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Where are the male African-American teachers?

Tim Gates teaching at Martin Luther King, Jr. Elementary School (KOKH)

Tim Gates knew exactly what he wanted to be at a very young age.

"There are a lot of teachers in my family," Gates said. "I've always wanted to be a teacher."

Gates is teaching 5th grade at Martin Luther King, Junior Elementary School in Oklahoma City and loving every minute of it.

"It gives me the opportunity to give a gift that you can't necessarily see."

Gates if one of few male African-American teachers in the nation. He says he feels the extra pressure because for many of his students there isn't a Black male teacher influence at home or at school.

"I am the father figure for a lot of these children because some of them are lacking that at home," Gates said.

"Schools need Black male teachers to support Black boys and Brown boys," said Travis Bristol, who received his PhD in Education Policy at Columbia University. His dissertation researched the experiences and retention of Black male teachers.

He says one of the reasons they're leaving is because of where they're placed.

"The schools that struggled the most, the schools that had the worst or the most challenging working conditions," Bristol says. "Those schools were where we found the largest number of Black men."

Bristol is now a Fellow at Sanford leading the effort to get men of color back into the classroom. He says the few that remain are walking away from teaching at alarming numbers.

"We know from previous research that teachers are more likely to leave schools that have poor working conditions."

Bristol says nationwide only 1.9% of elementary teachers are Black males.

That's a statistic reflected in Tulsa: 1.9% where 24% of the elementary students are Black. In Oklahoma City, 2.9% of the teachers are Black males. But there are zero Black male teachers in the Stillwater Public School system and zero in Enid. In Edmond, Black male teachers make up only 0.5% of elementary teachers where 15% of the elementary students are Black.

Bristol says that's a big problem because the latest information he has shows in 2014, for the first time, students of color surpassed white students in U.S. schools.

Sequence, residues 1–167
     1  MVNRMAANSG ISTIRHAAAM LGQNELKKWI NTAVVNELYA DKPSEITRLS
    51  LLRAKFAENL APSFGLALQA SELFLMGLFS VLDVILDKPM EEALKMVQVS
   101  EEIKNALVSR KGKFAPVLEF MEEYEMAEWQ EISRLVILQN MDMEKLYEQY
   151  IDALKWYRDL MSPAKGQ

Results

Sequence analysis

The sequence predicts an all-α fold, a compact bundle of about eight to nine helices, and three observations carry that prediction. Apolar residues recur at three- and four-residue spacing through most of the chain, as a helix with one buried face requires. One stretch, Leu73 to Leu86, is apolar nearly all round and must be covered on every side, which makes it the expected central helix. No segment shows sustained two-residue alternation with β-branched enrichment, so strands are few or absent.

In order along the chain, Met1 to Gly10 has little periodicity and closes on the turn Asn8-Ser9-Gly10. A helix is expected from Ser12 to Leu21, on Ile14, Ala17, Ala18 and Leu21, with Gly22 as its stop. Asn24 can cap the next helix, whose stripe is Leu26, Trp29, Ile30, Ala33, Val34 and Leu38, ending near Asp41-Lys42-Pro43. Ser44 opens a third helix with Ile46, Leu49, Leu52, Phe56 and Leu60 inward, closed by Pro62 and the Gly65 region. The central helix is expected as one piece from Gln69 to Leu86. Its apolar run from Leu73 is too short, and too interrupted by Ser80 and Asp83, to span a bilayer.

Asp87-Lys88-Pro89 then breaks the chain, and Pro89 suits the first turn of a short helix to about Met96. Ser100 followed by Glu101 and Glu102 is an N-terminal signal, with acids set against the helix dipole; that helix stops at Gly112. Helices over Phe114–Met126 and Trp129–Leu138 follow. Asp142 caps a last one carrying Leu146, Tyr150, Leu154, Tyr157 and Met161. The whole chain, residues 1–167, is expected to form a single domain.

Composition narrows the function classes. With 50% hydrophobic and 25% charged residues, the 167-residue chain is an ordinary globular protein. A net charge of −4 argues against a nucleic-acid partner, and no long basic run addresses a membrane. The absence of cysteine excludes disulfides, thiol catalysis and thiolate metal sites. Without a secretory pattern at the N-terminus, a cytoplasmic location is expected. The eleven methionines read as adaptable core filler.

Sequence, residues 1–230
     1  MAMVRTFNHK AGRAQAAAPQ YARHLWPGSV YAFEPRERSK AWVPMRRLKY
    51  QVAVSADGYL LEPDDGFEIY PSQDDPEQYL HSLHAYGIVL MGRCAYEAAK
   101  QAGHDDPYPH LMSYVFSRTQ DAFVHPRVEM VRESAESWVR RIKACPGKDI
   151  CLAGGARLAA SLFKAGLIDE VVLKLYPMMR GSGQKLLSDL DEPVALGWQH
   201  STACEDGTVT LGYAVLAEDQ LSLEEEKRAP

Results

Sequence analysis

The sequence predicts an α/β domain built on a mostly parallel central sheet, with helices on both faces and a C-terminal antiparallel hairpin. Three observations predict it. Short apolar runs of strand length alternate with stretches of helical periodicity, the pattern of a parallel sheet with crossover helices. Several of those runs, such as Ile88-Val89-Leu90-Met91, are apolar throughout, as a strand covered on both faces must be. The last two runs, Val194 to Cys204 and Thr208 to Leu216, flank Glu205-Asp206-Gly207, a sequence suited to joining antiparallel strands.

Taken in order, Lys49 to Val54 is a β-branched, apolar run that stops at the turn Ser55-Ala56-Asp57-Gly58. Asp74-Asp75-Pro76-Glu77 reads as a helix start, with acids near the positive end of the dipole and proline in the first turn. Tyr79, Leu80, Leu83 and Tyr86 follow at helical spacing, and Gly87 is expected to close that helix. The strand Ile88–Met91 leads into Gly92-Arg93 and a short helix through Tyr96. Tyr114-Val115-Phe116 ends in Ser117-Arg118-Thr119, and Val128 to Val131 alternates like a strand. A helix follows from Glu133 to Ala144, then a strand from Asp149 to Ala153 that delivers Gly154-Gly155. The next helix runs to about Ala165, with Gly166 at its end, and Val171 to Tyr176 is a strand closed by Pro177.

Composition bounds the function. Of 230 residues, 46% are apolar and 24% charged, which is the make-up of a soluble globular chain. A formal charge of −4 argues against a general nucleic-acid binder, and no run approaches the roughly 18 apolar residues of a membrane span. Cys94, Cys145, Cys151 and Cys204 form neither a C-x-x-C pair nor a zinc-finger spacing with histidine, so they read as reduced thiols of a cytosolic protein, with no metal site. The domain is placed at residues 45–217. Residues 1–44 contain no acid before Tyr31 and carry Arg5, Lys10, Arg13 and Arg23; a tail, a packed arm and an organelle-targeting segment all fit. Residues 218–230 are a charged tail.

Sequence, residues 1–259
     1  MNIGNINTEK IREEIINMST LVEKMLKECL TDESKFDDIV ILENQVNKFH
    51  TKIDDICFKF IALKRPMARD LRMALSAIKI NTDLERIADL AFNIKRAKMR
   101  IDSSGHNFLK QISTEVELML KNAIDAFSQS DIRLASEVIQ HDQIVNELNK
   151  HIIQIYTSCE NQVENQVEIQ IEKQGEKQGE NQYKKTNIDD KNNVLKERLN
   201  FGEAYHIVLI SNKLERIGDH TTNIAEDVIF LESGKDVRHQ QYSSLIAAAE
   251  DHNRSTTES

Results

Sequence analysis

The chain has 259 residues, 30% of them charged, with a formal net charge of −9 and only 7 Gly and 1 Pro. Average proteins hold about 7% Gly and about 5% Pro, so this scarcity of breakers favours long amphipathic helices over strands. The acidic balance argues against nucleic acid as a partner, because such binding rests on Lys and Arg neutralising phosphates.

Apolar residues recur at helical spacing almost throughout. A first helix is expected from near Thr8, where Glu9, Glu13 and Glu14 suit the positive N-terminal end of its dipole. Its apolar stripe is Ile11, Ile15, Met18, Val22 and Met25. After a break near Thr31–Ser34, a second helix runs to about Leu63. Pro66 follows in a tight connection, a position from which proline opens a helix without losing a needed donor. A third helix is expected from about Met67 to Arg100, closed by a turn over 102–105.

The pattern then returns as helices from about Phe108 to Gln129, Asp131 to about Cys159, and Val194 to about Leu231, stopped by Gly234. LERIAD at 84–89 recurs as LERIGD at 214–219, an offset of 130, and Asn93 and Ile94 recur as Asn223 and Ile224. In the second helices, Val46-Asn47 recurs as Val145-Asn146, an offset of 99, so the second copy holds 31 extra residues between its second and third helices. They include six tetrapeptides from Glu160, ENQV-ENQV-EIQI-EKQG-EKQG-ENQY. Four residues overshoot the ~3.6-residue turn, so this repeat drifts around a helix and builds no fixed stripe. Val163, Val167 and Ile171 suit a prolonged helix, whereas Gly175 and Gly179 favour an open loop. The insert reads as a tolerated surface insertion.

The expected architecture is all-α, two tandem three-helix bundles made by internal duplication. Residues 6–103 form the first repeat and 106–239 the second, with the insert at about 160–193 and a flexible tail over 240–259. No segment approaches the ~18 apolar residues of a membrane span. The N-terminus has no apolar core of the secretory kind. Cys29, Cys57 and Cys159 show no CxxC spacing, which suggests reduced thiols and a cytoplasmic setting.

"However white teachers account for 82%."

Bristol spent five years teaching English in the New York City Public School system. Based on his experience and research, black males often become more of a security guard than a teacher.

That's a second reason they're leaving the classroom: they're being forced to address behavioral issues and discipline more often than using their teaching skills.

"That was because there was this sense that I could somehow deal with these boys who were causing some challenges," he said while reflecting on his time in the classroom.

Bristol says a third reason for the exodus from the classroom: colleges are doing a terrible job preparing Black males to be future teachers.

Gates graduated from Langston University and says his alma mater could have done a better job.

"As far as some of the things you mentioned - being a security guard, being that father figure - there are some things that I just wasn't prepared for in life when it comes to this particular grade," he said.

Bristol says without a teacher who is also a role model and father figure, it's likely children of color won't consider a career in education and the Black male teacher will become extinct.

But there is hope. Bristol says some communities are attracting Black male teachers to the profession. The Boston Teacher Residency Program recruits college graduates, those making a career change, and community leaders, and gives them the tools they need to make an impact in the classroom. Also, in New York the NYC Men Teach program seeks to unite Black, Latino and Asian men who want to teach today's diverse student population.


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